Who here loves Mediterranean cuisine? We do and it’s no wonder. Not only is a Mediterranean diet good for the taste buds, it’s also good for your body—in many more ways than you know. And although you may want to, you don’t have to fly back to the Greek Islands to get it.

Mediterranean food has gotten a lot of attention recently for its potential impact on cardiovascular health and new research shows that eating it regularly may correlate to a longer life.

Mediterranean diet is a catchall phrase for cuisine found in Mediterranean countries; the diet generally features lots of fish and non-red meat sources, extra-virgin olive oil and plenty of fruit and vegetables, with additional flavour coming from herbs and spices, not salt.

There are components of the Mediterranean diet that are good for the vascular system, such as eating whole grains, low-fat dairy, skinless poultry and fish, and focusing on non-animal sources of protein.

10 Ways Your Mediterranean Diet Can Help You Live LongerWhat you need to know is that Mediterranean food has less salt, more flavour. The sodium in salt contributes to high blood pressure, which is a risk factor for artery disease. High blood pressure causes blood to pump harder through the vessels, which stresses and weakens them. The American Heart Association recommends 1,500 mg of sodium per day as an ideal goal, and no more than 2,300 mg.

Since we have veins and arteries throughout the body, vascular disease ranges from vein disorders in the legs, poor circulation in the feet, abdominal aortic ruptures and renal or carotid problems. Most common is hardening of the arteries (arteriosclerosis), which causes stroke, heart attack, peripheral arterial disease and many other circulatory problems.

Around the world, other diets similar to the Mediterranean diet have also been associated with better vascular health and reduced deaths from cardiovascular issues.

Here’s what they all have in common.

10 Ways to Eat the Mediterranean Diet So You Live Longer


Cut back on salt; perk up flavour with herbs, spices, garlic, onions, vinegars, lemon juice and other favourite flavourings. Seasonings popular in Mediterranean cooking are basil, chilies, cloves, cumin, fennel, garlic, marjoram, oregano, pepper, rosemary, sage, savoury, tarragon and thyme.


10 Ways Your Mediterranean Diet Can Help You Live LongerEat salmon or mackerel. These fish are rich in omega 3 fatty acids, which inhibit plaque inside the arteries, reduce blood clots and may increase good cholesterol and lower blood pressure.

The American Heart Association recommends eating fish twice a week. Other high omega 3 fish choices: cold-water varieties like tuna, trout, sardines and herring.


If you like beef and pork, choose lean cuts, only occasionally and keep portion sizes moderate. Avoid lamb and poultry with skin. These are all high in saturated fats, which contains dietary cholesterol that can build up in the arteries. Researchers are still looking at the causes and effects of eating red meats, but until scientists have definitive answers, moderation is best.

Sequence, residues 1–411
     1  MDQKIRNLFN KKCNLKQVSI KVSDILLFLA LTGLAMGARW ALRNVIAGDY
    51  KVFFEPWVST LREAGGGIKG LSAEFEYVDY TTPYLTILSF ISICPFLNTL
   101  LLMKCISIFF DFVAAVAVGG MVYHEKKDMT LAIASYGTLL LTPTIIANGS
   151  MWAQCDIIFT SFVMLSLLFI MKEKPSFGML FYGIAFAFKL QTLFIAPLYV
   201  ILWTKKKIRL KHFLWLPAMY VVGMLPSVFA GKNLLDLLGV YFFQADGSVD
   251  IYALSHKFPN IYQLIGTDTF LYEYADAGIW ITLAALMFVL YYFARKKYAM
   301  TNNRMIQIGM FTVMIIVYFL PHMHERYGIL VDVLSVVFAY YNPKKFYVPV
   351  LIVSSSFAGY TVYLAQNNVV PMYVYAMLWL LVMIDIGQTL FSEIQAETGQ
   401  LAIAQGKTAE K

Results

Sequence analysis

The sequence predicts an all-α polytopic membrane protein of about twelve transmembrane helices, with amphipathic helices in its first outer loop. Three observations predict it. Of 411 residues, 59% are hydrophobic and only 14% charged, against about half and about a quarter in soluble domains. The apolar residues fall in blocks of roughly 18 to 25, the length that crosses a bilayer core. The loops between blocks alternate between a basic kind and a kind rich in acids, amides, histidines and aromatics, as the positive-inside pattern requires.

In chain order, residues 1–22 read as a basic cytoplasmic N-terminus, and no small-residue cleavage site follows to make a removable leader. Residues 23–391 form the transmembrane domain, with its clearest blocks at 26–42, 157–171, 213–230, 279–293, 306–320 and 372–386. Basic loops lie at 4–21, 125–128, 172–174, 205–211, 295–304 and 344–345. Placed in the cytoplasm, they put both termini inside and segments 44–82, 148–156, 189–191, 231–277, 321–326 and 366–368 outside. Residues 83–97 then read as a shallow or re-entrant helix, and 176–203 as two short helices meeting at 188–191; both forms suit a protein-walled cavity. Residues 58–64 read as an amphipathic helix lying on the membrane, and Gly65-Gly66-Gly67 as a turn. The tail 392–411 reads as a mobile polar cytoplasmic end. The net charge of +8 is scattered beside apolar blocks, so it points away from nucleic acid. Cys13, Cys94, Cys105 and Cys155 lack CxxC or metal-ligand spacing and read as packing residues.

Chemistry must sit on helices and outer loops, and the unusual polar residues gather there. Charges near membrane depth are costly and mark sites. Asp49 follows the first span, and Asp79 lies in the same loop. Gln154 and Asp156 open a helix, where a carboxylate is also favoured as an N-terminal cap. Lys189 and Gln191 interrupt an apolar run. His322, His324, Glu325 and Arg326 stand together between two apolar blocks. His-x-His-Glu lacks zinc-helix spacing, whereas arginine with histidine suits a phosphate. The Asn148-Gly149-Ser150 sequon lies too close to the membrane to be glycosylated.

Get protein from beans, legumes and nuts. Plant-based proteins are filling and healthful; think minestrone soup with beans or quinoa with pine nuts.


Eat more whole grains. Whole grains found in Mediterranean cooking include barley, oats, polenta, rice and couscous. Whole grains have soluble and insoluble fiber, which can help improve blood cholesterol levels by preventing the absorption of cholesterol in the intestines. Whole grains also are associated with a lower risk of cardiovascular diseases, obesity and type 2 diabetes.


Avoid highly refined white bread, such as that in garlic bread, and white flour pasta.


10 Ways Your Mediterranean Diet Can Help You Live LongerMake fruits and vegetables a staple. In Mediterranean cuisine, a rainbow of vegetables and fruits are used in abundance. Not only do fruits and vegetables add vitamins and fiber to the diet, another new study has found that eating three or more servings per day is associated with a significant decrease in developing peripheral artery disease (PAD) and the foods are also associated with fewer heart attacks and strokes.


Fresh or frozen fruits and vegetables are better than canned. Avoid adding extra salt or sugar for maximum benefit.


Use extra-virgin olive oil in place of other fats.  Olive oil, which contains monounsaturated fatty acids (MUFAs), may have important health benefits. According to the Mayo Clinic, MUFAs may lower bad cholesterol and improve the function of blood vessels. They also may help with insulin and blood sugar control, which is good for diabetics.


Avoid trans fats, such as those in margarine and some commercial baked goods, as they contribute to artery disease.

The Society for Vascular Surgery® (SVS) is a not-for-profit professional medical society that seeks to advance excellence and innovation in vascular health through education, advocacy, research and public awareness.




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